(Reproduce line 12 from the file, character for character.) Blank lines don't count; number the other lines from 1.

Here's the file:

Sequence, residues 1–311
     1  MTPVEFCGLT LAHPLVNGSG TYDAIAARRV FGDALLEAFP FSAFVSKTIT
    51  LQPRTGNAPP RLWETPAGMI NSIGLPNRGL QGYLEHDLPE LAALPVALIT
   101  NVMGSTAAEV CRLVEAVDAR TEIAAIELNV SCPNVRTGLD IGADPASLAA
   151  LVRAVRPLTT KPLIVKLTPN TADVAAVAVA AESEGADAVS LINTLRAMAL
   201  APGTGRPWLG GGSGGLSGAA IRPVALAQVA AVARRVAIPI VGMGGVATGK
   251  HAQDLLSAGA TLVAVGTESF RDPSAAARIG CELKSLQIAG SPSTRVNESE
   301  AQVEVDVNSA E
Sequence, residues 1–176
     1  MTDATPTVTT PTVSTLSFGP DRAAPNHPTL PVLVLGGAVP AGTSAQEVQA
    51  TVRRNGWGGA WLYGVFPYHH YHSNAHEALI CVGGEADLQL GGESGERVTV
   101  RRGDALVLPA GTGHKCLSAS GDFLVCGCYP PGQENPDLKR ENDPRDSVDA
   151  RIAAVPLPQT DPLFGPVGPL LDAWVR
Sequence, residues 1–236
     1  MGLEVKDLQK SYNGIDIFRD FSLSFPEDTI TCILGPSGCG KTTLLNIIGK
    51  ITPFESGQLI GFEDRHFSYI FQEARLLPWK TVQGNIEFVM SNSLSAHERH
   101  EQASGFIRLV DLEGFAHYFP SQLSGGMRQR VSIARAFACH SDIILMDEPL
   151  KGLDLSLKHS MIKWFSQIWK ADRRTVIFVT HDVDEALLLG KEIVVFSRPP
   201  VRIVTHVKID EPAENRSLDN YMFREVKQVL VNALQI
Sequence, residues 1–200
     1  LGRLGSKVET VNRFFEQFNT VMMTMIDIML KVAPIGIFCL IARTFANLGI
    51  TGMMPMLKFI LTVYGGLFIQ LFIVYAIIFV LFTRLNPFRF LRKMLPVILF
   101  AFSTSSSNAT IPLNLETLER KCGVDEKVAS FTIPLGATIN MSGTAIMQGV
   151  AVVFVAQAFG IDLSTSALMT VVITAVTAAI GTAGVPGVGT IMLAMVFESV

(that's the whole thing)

   101  RRGDALVLPA GTGHKCLSAS GDFLVCGCYP PGQENPDLKR ENDPRDSVDA